Distribution:  Boston-area distribution centers include Arlington, Cambridge, Lexington, Jamaica Plain, and Newton.  Produce is usually self-serve from a root cellar and available once a week.


*Drumlin Farms: Drumlin Farms offers a winter share with a unique twist: you have to work for it!  A small, 8-hour fieldwork component is required for all CSA members (otherwise, an additional fee is charged).  During mid-October, members of the Drumlin Farms Winter CSA help harvest and store produce that they will consume during the winter months including garlic, potatoes, and squash.  This is a fun opportunity for all the green thumbs out there and a great way to learn more about farming.

Price: Drumlin Farms offers half shares for $200 and full shares for $400.

Distribution: Drumlin Farms requires members to pick-up produce at the farm location at Lincoln Road, which is accessible via the MBTA commuter rail.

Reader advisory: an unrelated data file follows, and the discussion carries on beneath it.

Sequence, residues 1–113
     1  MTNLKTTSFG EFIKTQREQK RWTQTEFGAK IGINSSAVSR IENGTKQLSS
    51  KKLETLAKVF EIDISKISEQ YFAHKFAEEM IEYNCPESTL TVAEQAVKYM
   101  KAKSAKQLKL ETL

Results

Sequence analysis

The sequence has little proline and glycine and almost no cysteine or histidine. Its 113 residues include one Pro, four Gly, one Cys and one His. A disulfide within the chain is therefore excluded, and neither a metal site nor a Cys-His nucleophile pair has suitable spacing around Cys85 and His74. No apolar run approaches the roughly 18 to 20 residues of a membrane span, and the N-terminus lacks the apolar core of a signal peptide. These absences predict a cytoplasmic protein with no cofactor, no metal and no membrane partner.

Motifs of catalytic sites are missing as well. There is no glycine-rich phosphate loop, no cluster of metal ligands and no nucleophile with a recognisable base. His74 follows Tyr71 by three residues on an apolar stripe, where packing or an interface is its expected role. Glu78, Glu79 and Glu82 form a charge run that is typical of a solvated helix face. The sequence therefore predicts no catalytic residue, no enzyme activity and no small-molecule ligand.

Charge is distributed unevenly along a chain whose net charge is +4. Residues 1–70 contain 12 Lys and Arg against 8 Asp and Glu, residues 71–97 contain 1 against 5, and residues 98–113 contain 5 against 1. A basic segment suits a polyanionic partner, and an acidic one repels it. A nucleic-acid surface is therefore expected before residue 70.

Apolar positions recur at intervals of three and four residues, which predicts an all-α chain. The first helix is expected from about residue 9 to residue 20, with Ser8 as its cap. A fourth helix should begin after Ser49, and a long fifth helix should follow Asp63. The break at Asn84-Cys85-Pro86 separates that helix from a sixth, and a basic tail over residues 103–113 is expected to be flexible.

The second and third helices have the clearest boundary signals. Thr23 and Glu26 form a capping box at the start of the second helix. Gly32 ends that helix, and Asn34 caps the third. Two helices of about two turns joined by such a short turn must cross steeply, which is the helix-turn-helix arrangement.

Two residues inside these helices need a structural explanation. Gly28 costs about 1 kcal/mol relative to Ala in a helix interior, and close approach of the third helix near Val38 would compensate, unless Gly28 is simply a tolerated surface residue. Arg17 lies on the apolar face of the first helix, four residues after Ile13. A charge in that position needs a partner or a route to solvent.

*New Entry Sustainable Farmer Project: This CSA is right in our own Tufts backyard. The New Entry Sustainable Farmer Projects, a partnership between Tufts University and Community Teamwork Inc., teaches new farmers sustainable growing practices and promotes sustainable farm development.  The project supports an alliance of the program’s newly graduated farmers called World PEAS Cooperative.  Through this cooperative CSA has been developed with produce coming from the local farmers at independent sites or the training locations.  Winter shares are available through the program’s “Extended Season Share.”

Price: For about 2-3 months of produce, the price for an Extended Season Share is $120.

Distribution: Boston locations, including a Chinatown distribution center on the Tufts campus are all available.


Markets and Local Produce

Beyond the CSA:

CSAs are not the only way to get fresh winter produce and support local farmers.  Several food distributors around the Boston area specialize in seasonal produce from local farms.  In addition, simply learning about the produce and ingredients that are available in winter can help you avoid high prices at your own local supermarket.

Local Markets: